Scientists have found that a high-fiber diet could be a critical heart-healthy lifestyle change young and middle-aged adults can make.
The study from Northwestern University Feinberg School of Medicine found adults between 20 and 59 years old with the highest fiber intake had a significantly lower estimated lifetime risk for cardiovascular disease compared to those with the lowest fiber intake.
For the study, Hongyan Ning, lead author and a statistical analyst in the department of preventive medicine at Feinberg, examined data from the National Health and Nutrition Examination Survey, a nationally representative sample of about 11,000 adults.
Ning considered diet, blood pressure, total cholesterol, smoking status and history of diabetes in survey participants and then used a formula to predict lifetime risk for cardiovascular disease.
"The results are pretty amazing. Younger (20 to 39 years) and middle-aged (40 to 59 years) adults with the highest fiber intake, compared to those with the lowest fiber intake, showed a statistically significant lower lifetime risk for cardiovascular disease," said Ning.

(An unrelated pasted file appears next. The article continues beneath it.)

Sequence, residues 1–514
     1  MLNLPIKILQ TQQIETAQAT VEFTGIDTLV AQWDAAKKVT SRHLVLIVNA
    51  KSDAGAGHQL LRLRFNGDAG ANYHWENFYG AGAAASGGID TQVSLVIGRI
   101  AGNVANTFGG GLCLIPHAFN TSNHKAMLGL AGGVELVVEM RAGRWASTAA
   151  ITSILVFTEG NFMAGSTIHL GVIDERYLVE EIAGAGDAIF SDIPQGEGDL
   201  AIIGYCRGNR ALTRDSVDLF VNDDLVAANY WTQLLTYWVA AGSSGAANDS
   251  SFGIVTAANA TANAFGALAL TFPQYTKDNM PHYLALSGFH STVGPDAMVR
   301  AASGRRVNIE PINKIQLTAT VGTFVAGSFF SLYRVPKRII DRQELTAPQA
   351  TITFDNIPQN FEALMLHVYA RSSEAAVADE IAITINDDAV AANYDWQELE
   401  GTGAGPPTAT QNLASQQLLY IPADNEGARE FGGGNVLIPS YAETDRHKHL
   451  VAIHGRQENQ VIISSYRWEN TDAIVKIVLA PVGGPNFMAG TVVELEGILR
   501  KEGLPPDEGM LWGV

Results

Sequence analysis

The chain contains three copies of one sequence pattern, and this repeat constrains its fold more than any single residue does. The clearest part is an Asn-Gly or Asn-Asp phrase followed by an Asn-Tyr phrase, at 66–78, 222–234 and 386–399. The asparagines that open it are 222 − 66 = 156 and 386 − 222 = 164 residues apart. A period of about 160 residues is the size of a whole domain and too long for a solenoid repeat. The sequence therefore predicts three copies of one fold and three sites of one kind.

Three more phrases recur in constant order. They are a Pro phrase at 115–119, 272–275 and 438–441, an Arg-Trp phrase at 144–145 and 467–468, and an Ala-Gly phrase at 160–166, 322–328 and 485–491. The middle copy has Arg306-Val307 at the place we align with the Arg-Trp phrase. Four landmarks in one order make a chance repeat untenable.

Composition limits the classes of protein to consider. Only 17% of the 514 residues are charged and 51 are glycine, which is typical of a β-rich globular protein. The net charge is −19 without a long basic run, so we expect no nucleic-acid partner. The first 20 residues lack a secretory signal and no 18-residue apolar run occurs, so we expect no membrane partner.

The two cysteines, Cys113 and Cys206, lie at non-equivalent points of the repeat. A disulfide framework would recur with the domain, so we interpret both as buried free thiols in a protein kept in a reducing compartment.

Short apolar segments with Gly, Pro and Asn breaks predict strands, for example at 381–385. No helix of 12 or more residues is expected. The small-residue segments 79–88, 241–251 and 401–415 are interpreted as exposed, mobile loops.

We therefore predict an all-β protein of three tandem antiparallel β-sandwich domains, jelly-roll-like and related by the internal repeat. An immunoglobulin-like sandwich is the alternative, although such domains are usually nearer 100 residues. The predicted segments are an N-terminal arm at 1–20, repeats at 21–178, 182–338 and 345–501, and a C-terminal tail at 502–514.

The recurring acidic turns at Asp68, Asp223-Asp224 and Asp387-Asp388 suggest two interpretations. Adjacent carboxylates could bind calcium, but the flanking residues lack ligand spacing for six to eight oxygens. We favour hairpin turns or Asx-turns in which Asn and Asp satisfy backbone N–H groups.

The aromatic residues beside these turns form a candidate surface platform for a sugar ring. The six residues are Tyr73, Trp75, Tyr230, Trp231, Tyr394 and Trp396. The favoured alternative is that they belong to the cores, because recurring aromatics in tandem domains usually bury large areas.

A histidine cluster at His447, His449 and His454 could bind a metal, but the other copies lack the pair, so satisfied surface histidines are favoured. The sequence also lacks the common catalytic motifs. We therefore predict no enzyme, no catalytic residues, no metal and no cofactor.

However, in adults 60 to 79 years, dietary fiber intake was not significantly associated with a reduction in lifetime risk of cardiovascular disease.
It's possible that the beneficial effect of dietary fiber may require a long period of time to achieve, and older adults may have already developed significant risk for heart disease before starting a high-fiber diet, according to Ning.
As for young and middle-aged adults, now is the time to start making fiber a big part of your daily diet, said Ning.